The invention can generally be used for the swivel angle adjustment of hydraulic machines, in particular of any axial piston machines, in swash plate design with EP adjustment. A preferred exemplary application is use for vehicles with partial or complete hydraulic power transmission via axial piston engines.

Further advantages, features and details of the invention will become apparent from the following description in which, with reference to the drawings, various embodiments are described in detail.

Short description of the drawing

Show it:

1 an equivalent circuit diagram for a elektroproportionale adjustment of an axial piston machine in swash plate design;

2 a block diagram of an adaptive characteristic, shown simplified for a firstorder dynamic system;

3 two Cartesian coordinate diagrams each with an identified characteristic curve with constant segments (left side) and linear segments (right side);

4 a Hammerstein model for the relationship between magnetic force and swing angle;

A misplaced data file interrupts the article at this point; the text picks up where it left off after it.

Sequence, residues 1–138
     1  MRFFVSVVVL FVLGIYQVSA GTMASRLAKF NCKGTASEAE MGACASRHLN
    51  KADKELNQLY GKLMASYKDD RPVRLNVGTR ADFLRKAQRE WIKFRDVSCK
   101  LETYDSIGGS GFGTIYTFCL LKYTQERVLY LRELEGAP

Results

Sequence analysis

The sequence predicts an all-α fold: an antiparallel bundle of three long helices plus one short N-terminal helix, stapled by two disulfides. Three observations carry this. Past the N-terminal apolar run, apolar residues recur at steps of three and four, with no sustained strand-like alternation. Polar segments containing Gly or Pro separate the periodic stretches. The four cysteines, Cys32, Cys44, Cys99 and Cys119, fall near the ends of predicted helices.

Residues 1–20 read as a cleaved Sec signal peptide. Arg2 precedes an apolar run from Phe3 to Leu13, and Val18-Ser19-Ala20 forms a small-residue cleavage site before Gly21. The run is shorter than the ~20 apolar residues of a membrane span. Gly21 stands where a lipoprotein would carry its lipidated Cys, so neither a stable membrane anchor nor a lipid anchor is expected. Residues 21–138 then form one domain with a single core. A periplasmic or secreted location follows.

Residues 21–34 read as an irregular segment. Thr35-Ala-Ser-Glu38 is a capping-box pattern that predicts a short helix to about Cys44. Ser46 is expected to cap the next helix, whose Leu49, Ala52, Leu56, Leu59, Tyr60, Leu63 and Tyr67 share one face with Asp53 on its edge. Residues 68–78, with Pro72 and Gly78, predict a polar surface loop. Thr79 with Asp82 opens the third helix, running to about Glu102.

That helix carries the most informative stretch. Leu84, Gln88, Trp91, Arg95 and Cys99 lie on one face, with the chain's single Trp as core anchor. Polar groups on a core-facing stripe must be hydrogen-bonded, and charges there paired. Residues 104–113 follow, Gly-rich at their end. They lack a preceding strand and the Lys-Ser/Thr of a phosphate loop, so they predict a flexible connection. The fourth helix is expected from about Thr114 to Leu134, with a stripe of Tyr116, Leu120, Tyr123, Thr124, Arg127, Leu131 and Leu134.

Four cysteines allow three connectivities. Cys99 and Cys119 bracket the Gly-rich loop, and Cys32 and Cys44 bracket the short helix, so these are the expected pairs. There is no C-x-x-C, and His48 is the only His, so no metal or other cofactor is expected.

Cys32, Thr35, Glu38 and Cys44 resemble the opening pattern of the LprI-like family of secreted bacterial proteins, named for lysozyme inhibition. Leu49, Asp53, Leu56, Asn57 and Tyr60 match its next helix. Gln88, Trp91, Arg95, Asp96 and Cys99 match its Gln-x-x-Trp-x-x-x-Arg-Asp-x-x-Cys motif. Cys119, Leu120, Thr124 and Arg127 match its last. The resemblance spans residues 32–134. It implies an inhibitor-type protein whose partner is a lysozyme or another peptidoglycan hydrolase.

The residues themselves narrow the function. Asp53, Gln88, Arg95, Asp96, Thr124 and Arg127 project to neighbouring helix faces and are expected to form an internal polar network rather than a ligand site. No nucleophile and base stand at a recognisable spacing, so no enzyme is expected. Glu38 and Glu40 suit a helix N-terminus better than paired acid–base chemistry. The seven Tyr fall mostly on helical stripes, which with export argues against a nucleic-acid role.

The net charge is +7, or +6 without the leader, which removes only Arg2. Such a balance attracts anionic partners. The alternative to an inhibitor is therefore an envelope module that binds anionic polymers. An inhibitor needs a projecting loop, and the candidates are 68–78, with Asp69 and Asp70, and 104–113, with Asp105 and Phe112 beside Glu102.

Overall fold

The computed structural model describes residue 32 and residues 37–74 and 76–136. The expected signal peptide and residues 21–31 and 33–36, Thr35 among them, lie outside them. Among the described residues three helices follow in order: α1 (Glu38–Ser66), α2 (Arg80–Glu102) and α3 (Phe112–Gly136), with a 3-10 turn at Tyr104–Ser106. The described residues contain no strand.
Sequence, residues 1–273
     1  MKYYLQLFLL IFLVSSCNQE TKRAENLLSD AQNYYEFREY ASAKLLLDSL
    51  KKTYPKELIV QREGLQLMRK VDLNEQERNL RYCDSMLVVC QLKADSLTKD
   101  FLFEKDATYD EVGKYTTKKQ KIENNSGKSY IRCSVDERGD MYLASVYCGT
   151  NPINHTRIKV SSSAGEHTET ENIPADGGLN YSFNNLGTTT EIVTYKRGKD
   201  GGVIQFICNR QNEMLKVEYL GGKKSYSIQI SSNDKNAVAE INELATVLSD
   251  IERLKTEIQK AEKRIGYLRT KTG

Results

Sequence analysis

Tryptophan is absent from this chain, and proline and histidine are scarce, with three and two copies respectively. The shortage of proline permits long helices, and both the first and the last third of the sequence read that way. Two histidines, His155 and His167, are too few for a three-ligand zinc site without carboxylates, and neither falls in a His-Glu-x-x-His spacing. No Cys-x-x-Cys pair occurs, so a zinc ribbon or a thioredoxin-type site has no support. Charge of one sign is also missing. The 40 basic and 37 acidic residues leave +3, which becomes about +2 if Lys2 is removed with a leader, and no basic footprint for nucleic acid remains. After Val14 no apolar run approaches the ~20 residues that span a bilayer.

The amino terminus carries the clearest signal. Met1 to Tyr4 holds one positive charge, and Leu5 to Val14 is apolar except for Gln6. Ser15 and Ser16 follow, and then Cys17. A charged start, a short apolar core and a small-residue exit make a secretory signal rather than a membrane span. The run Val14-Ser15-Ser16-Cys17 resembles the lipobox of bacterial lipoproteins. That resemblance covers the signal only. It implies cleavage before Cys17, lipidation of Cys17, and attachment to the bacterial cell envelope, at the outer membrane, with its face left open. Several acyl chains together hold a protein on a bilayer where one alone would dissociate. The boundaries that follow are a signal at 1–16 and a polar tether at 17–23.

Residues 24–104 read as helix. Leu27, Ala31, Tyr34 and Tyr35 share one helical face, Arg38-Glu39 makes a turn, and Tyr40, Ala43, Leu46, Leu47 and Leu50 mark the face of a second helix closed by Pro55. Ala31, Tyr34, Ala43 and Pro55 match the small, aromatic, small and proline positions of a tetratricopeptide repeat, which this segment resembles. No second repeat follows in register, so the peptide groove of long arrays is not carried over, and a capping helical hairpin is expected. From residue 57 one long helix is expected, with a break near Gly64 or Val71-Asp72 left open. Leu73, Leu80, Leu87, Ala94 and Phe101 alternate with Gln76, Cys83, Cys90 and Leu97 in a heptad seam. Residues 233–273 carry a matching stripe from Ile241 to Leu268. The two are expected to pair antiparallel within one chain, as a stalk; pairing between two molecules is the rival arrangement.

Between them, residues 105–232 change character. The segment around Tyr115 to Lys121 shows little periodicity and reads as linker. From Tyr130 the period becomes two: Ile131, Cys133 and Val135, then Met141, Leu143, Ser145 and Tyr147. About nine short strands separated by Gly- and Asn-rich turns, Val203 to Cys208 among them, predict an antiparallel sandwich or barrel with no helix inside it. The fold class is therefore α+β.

5 two Cartesian coordinate diagrams with a time characteristic of the characteristic identification and

6 a section of the identified characteristic curve including the partial degrees used for the identification.

Description of the embodiments

The invention relates in particular to hydraulic machines designed as axial piston machines. The axial piston machines are arranged, for example, in a stationary or mobile hydraulic drive. The mobile hydraulic drive is preferably part of a hydraulic hybrid powertrain, in particular of a motor vehicle, which is primarily driven by an internal combustion engine.

An axial piston machine can be operated in an open circuit or in a closed circuit. In the open circuit, a hydraulic medium such as hydraulic oil, which is also referred to as pressure fluid, flows from a tank to the axial piston machine and is conveyed from there via a valve device to a consumer.